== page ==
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We have come a long way from the era when only criminal defence attorneys dealt with violations of cannabis laws. Today legalised cannabis is a burgeoning area of law that has many firms, large and small, trying to get a piece of the cannabis market.

For years, the conservative risk management approach for attorneys seeking to advise clients in this arena was to comply with Rule 1.2(d) of the Rules of Professional Conduct. Rule 1.2(d) prohibits counselling a client to engage in criminal activity or assisting a client in such activity, but permits a lawyer to “discuss the legal consequences of any proposed course of conduct with a client and may counsel or assist a client to make a good-faith effort to determine the validity, scope, cannabis meaning or application of the law.” Compliance was necessary due to the fact that federal law criminalised (and still does) the manufacture, distribution, or dispensing of marijuana pursuant to the Federal Controlled Substances Act, 21 USC § 846. There is no Rule of Professional Conduct that provides guidance to lawyers who are faced with a client who seeks to do something permitted by state law but prohibited under federal law.

Since then, both medical and recreational use of marijuana has been legalised in an increasing number of states and territories. This means more businesses, income, taxes, and legal advice from coast to coast. While still illegal under federal law, to date, 37 states, three territories, and the District of Columbia allow the medical use of cannabis products. 21 states, two territories, and the District of Columbia have enacted measures to permit cannabis for non‑medical adult recreational use. There are still 13 states that outlaw marijuana entirely. See the chart below for more detailed information. cannabis

Cannabis legalization chart

Chart from the National Conference of State Legislatures (NCSL), November 9, 2022. For more detailed information by state, visit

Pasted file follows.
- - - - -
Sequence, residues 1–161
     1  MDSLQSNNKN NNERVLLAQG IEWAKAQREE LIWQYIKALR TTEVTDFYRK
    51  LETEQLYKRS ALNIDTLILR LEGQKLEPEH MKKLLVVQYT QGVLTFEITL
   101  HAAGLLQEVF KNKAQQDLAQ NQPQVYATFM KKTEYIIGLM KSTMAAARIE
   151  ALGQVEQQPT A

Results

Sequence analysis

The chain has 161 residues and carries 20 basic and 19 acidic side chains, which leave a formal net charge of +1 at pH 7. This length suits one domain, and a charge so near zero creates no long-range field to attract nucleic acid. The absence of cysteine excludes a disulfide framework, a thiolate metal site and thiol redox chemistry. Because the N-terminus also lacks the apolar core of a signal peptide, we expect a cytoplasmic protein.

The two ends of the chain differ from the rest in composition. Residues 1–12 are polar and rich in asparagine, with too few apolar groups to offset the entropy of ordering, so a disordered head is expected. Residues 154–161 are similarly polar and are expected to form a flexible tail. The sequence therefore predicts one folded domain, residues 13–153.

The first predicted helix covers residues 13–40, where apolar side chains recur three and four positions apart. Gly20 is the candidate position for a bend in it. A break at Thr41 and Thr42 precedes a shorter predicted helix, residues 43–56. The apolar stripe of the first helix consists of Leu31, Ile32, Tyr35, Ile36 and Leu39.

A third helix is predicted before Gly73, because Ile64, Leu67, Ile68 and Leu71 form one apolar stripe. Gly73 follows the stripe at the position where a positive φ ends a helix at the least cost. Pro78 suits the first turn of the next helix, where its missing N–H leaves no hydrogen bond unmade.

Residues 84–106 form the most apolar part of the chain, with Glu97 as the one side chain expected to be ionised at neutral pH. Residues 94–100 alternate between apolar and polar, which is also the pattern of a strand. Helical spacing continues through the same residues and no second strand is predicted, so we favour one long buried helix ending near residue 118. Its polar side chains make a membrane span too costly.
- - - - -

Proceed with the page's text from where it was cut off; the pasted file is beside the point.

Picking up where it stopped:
The recent midterm elections included cannabis-related measures on the ballot in several states. Voters in Arkansas, North Dakota, and South Dakota rejected measures for recreational marijuana use, and voters approved the legalisation of recreational marijuana in Maryland and Missouri. President Biden’s proclamation on October 7, 2022 included a request for the Secretary of Health and Human Services and the U.S. Attorney General “to initiate the administrative process to review expeditiously how marijuana is scheduled under federal law.” Full spectrum cannabis oil.

On April 1, 2022 (no, this is not an April Fool’s joke), the Marijuana Opportunity Reinvestment and Expungement (MORE) Act was once again passed by the U.S. House of Representatives .[1] If passed by the U.S. Senate, the MORE Act would decriminalise cannabis at the federal level by removing it from the federal Controlled Substances Act,[2] criminal penalties for federal cannabis offences would be eliminated, and past federal cannabis convictions would be expunged. Hemp oil in India.

From a technical standpoint, though, the MORE Act does not legalise cannabis, which would be up to the states to decide—similar to the way alcohol is federally regulated. The federal government would impose a tax on cannabis sales starting at five percent and then increasing to eight percent over three years. Significantly, the passage of the MORE Act would open the door to research—since its illegality at the federal level means it is still technically illegal to medically research cannabis—and cannabis-related businesses would be able to use federally insured banks.[3]